Yandex NV, owner of Russia’s most popular Internet search engine, jumped 38 percent in Nasdaq Stock Market trading after raising $1.3 billion in an initial public offering that sold above the proposed price range.
The shares, trading under the symbol YNDX, rose $9.50 to $34.50 at 10:53 a.m. New York time. The Moscow-based company sold 52.2 million shares, or a 16.2 percent stake, at $25 each, above the proposed range of $20 to $22, valuing the company at about $8 billion, Yandex said in a statement today.
Yandex, which has almost triple Google Inc.’s market share in Russia, is the biggest technology IPO worldwide this year as companies file for U.S. offerings at the fastest pace in seven years and demand for Internet stocks jumps. Last week, shares of Mountain View, California-based LinkedIn Corp. more than doubled on its first day of trading after the IPO raised $405.7 million.
“Yandex has picked a great time for an IPO for a tech company,” said Anthony Moro, managing director and head of emerging markets at Bank of New York Mellon Corp., which has about $1.1 trillion in assets under management. “For the longer term, they’re in the right spot. They’re the Google of Russia.”
The company, which sold 15.4 million shares while some of its shareholders offered 36.8 million shares, granted its underwriters an overallotment option, Yandex said in the statement.
Yandex’s had planned to sell shares at a price equivalent to at least 23 times next year’s earnings, based on the $21 a share midpoint of the initial offer range, two people involved in the sale said this week before pricing was announced. Google trades at about 13 times estimated 2012 earnings.
Yandex, co-founded by Chief Executive Officer Arkady Volozh and registered in The Hague, makes most of its revenue from advertising. Online advertising in Russia climbed 51 percent from 2008 through 2010, when it reached 26.65 billion rubles, according to the Moscow-based Association of Communication Agencies. Spending on print ads plunged 41 percent in the same period, while the radio and television segments fell 21 percent and 6 percent, respectively.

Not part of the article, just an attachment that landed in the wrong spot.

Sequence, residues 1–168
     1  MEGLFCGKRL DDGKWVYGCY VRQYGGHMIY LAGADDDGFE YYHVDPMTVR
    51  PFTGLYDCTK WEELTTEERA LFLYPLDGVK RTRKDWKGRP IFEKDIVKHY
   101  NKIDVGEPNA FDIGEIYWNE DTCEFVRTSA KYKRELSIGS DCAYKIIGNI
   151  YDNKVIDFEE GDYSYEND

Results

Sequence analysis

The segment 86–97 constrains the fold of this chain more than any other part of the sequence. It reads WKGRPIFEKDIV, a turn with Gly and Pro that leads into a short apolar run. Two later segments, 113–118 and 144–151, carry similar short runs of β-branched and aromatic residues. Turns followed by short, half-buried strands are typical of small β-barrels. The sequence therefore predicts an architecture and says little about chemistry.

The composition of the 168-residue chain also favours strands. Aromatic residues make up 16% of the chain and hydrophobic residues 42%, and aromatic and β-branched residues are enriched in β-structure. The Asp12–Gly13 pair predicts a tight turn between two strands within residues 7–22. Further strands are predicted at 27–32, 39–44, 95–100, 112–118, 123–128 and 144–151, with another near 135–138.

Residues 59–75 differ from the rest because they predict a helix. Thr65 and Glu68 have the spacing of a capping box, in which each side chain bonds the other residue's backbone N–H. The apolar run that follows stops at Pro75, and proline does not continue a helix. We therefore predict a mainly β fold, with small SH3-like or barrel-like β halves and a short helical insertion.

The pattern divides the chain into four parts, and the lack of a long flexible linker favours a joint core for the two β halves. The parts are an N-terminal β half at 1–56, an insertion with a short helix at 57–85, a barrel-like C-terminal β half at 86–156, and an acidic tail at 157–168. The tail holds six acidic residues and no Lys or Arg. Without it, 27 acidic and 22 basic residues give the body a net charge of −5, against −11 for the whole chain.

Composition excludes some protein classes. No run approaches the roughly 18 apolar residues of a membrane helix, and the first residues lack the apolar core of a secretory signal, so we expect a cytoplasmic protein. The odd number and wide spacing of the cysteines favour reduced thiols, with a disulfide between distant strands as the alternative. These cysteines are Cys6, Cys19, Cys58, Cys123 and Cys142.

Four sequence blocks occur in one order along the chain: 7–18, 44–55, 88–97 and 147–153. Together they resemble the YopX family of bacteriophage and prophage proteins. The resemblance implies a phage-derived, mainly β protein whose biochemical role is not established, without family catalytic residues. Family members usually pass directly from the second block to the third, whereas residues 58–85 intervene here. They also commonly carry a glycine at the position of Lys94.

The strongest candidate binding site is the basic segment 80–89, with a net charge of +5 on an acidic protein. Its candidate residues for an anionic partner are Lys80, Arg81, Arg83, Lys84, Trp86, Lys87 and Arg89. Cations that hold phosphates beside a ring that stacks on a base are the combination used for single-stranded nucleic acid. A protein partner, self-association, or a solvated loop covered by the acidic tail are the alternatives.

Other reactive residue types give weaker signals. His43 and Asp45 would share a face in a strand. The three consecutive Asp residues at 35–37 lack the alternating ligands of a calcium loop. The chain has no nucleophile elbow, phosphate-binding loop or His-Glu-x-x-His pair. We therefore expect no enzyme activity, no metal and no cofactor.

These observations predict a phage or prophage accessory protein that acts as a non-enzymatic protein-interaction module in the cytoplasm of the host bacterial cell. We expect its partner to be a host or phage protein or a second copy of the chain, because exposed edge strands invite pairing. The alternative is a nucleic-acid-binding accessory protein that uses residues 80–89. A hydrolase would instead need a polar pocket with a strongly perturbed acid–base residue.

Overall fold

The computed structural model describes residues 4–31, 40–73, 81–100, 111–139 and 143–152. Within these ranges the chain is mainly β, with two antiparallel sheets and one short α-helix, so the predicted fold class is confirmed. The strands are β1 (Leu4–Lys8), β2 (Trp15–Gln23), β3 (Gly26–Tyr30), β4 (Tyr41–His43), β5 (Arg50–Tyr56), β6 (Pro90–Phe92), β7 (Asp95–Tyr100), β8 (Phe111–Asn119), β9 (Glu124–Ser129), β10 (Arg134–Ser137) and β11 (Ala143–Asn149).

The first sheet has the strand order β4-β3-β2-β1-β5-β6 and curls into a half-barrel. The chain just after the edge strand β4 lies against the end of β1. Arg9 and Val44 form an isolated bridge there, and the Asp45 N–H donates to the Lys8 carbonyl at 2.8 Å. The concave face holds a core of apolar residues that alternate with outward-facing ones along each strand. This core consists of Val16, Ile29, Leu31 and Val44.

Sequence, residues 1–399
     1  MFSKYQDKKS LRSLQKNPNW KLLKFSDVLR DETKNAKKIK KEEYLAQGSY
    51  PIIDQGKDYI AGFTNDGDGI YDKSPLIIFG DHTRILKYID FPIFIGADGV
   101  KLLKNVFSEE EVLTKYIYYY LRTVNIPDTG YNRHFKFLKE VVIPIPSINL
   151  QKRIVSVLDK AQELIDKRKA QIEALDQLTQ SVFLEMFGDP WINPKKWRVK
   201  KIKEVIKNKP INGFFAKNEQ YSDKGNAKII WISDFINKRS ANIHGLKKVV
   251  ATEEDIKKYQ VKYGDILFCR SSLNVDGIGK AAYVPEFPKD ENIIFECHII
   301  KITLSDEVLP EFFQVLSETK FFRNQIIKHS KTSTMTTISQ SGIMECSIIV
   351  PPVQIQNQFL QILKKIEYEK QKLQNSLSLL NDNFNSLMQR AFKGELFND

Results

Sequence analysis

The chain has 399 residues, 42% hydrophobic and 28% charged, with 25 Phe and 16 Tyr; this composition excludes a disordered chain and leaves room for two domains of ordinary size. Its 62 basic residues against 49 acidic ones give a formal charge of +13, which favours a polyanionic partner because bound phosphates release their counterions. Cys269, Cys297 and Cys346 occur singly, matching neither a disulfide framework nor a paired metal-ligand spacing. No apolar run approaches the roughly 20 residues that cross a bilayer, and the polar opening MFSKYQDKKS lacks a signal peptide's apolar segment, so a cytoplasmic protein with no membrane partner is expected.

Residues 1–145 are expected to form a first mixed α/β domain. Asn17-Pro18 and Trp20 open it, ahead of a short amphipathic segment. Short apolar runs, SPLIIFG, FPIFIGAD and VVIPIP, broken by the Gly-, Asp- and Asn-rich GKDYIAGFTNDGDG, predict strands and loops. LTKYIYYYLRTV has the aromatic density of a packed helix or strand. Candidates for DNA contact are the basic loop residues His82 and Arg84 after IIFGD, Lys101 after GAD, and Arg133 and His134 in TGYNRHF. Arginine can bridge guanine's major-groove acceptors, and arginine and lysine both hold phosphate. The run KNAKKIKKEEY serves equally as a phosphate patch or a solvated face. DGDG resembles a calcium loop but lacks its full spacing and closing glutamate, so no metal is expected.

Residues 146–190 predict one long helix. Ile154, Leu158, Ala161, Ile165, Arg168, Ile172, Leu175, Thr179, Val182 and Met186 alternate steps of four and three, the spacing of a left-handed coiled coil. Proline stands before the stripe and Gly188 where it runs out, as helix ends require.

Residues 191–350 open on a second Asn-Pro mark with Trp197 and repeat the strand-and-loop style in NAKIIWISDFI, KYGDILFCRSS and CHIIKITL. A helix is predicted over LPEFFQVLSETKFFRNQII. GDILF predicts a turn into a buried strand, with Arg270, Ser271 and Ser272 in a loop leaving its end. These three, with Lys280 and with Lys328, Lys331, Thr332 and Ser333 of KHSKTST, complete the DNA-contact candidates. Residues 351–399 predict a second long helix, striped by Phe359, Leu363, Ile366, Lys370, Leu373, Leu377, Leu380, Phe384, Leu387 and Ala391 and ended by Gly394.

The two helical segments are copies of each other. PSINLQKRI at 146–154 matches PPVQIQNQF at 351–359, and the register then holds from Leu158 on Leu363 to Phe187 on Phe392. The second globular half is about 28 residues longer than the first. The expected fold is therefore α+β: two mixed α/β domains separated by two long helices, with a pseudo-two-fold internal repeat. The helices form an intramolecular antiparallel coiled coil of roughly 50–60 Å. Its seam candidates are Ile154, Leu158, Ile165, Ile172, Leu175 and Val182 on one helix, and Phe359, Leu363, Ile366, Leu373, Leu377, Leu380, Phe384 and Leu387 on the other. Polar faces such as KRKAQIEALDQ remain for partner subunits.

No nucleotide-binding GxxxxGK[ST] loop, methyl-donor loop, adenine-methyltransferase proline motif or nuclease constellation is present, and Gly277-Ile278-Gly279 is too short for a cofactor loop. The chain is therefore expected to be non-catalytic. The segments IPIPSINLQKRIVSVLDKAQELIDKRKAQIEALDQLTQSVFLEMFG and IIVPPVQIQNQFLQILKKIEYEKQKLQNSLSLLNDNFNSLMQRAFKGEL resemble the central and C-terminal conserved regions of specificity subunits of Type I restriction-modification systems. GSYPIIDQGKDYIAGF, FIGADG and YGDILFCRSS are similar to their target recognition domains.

Russia’s Internet industry, the largest in Europe after Germany, is experiencing “rapid growth” and may account for 3.7 percent of gross domestic product by 2015, more than double the industry’s contribution in 2009, the Boston Consulting Group said in a May 18 report.
Use of Proceeds
President Dmitry Medvedev, who posts to online blogs and visited the San Francisco offices of Twitter Inc. during a trip to California last June, has made “modernization” a priority of his administration. About half of state budget revenue comes from energy sales.
About 70 percent of the stock in the IPO comes from existing investors, including Baring Vostok Capital Partners and Tiger Global Management LLC, according to the company’s filing.
Proceeds from the sale will be invested in technology, infrastructure and possibly acquisitions, the company said in the prospectus.
Morgan Stanley, Deutsche Bank AG and Goldman Sachs Group Inc. led the offering.
At least 230 companies have announced plans for U.S. IPOs so far this year, more than the same period in any other year since 2004, when 232 companies were on file, data compiled by Bloomberg show.
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